Today's Washington Times gleefully reports how Cindy Sheehan and other opponents of the war in Iraq "routed the leaders of the new House Democratic majority from their press conference where they attempted to present their legislative agenda." Their complaint: no discussion at all of how to end American involvement in Iraq by the Democratic Congressional leadership.
The Democrats have a problem. The Iraq Study Group (ISG) did not provide an actionable blueprint for conducting a "phased withdrawal" and while its criticisms of how the Bush Administration has prosecuted the war did cause some damage, the president has by no means been neutralized. Don Rumsfeld is long gone from the Pentagon. As I noted in November as part of a National Review symposium:
"By accepting Don Rumsfeld's resignation, President Bush has nullified the first plank of the Democratic agenda on national security . . . and forces the Democrats . . . to move to point number two-outlining their plan for achieving success in Iraq."
This accelerates what I have termed the "Orange Revolution meltdown clock" for the Democrats. In opposition, it was quite easy for Joe Lieberman, Jim Webb, Nancy Pelosi and Henry Waxman to agree that Rumsfeld should go-but much more difficult, if not outright impossible, for all of them-as the new legislative majority-to coalesce around a common strategy.
Without an ISG plan to rally around, instead of a unified Democratic position, we are likely to return to the status quo that existed in the previous Congress-individual Democrats offering their own competing plans and visions for action, joined together by general criticism of the administration. In response, the administration has already begun to recover its equilibrium and is likely to forge together enough of a bipartisan coalition to support some sort of "final push to victory" in 2007. But what is not likely to emerge is any sort of consensus that Republicans and Democrats have an obligation to put aside partisan differences with an eye to, as Dimitri Simes advocates in this current issue of TNI, avoid "burdening the next administration with Iraq as a defining issue in American foreign policy."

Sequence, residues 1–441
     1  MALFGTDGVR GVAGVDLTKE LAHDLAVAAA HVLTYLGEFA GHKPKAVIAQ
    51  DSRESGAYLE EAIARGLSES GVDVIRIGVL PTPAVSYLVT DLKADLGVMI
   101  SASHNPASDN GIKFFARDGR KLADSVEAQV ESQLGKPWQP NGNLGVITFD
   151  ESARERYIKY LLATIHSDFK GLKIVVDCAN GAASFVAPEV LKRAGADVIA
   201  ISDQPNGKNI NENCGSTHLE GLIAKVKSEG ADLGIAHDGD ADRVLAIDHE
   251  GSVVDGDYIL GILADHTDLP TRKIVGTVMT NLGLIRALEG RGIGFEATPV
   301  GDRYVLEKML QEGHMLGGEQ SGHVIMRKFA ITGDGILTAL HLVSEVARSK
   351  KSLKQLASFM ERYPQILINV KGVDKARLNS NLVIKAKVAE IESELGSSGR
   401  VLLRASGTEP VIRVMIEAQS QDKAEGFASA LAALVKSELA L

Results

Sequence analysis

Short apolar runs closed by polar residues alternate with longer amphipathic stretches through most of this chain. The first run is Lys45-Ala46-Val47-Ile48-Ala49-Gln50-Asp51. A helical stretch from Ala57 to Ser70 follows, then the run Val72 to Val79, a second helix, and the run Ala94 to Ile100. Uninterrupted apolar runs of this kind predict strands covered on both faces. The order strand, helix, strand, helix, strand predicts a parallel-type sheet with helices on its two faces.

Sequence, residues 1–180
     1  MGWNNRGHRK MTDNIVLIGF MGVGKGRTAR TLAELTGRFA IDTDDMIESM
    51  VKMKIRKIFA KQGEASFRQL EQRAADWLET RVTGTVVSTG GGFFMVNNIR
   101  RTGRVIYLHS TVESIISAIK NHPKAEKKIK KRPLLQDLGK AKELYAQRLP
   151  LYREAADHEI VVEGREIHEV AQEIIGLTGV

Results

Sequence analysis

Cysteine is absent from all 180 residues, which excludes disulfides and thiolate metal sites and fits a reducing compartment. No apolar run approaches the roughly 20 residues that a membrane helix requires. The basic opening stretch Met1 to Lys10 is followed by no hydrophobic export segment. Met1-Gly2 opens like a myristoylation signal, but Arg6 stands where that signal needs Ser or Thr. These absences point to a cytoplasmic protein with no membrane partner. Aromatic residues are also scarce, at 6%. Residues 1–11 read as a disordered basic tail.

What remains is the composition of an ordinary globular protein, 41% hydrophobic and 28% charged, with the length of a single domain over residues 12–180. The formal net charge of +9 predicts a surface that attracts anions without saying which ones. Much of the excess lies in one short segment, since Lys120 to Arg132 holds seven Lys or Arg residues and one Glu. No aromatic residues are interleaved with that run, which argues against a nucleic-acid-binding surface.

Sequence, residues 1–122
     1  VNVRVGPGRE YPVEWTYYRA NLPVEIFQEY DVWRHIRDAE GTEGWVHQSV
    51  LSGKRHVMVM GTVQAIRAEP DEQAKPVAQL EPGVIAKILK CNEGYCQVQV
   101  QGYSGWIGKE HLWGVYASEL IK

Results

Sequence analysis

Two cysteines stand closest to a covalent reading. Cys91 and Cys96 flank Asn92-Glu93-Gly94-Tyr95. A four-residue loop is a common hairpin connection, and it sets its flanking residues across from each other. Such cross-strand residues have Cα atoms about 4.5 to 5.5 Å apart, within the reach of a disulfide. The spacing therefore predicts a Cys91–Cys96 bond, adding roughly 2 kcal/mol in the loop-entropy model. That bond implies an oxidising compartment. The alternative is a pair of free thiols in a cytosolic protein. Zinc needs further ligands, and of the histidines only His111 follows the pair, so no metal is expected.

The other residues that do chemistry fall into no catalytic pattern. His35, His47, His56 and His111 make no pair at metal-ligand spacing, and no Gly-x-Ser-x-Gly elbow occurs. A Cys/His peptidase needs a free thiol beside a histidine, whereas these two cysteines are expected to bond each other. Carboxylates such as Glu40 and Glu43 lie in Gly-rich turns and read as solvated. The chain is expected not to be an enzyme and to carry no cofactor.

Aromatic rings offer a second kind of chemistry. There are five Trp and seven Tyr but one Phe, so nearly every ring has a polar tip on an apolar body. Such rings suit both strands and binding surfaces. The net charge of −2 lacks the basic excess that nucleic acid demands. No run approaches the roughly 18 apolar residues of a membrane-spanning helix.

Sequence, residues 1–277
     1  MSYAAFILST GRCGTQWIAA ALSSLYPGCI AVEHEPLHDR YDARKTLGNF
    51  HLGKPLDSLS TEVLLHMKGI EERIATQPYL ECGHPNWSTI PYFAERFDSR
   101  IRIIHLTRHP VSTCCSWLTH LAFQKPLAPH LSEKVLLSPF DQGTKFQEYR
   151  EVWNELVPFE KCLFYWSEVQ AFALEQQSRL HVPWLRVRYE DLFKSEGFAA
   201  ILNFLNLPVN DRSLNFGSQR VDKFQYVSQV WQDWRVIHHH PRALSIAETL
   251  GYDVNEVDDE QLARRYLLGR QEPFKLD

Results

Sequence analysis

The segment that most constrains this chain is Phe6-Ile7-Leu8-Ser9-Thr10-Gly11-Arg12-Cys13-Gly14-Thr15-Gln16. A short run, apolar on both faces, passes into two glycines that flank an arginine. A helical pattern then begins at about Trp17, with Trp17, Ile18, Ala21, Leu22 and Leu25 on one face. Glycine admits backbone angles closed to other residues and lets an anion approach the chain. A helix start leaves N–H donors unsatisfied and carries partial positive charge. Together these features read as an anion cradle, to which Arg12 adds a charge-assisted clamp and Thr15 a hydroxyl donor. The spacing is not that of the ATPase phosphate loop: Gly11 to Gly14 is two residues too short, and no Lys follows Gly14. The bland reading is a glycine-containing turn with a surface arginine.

Democrats may well have success this fall simply by picking up on public dissatisfaction with the war in Iraq, but as long as they give the impression of having no serious or clear alternative on national security they will continue to be at a long-term disadvantage to Republicans on these issues. . . . American troops will probably still be fighting in Iraq in 2008. If circumstances do not change dramatically on the ground, then opposition to the war and calls for disengagement from within the United States will only grow stronger. Yet this will not change the fundamental paradox of the political situation: Republicans are tied to an increasingly unpopular war, but the very issue of war raises perennial Democratic weaknesses and divisions that tend to redound in favor of Republicans.
Some on the Left are concerned that, as a result, most Democrats are unwilling to seriously change the status quo. The Nation editorialized: "Some early signs are disturbing. One came when Bush casually allowed that US Army troop strength should be permanently expanded by 40,000 to 90,000--not more troops for Iraq but more troops to fight the next war. Many Democrats nodded approvingly. . . . Forget the facts. Nobody in elite political circles wants to sound ‘soft'on defense. In other words, Iraq is a disaster, but let's give the Pentagon another $80 billion to beef up for the next one."
And herein lies another danger. During the 1980s, Democrats who opposed sending aid to the Nicaraguan contras, in order not to appear "soft on Communism", intensified their support for the mujaheddin in Afghanistan so as to bolster their national security credentials. Might not Democrats now, particularly those who want to avoid the label of "cut and run" on Iraq, decide that an even more hawkish, bellicose stance vis-à-vis Iran is the best way forward? This could end up complicating (and limiting) U.S. freedom of action to find a creative solution to the Iranian nuclear imbroglio whereby, in the pursuit of securing one's domestic political base, politicians foreclose maneuvering room in the international arena. After all, once broad b-partisan Congressional resolutions, in 1998 and 2002, had defined Saddam Hussein as a terrorist with a weapons of mass destruction capability, it became much harder to argue for continuing with containment or to suddenly assign Hussein a much lower threat priority than, say, Iran or North Korea.
Democrats swept the midterms as the party offering alternatives to the status quo. But we don't seem to be off to a good start.
Nikolas K. Gvosdev is editor of The National Interest.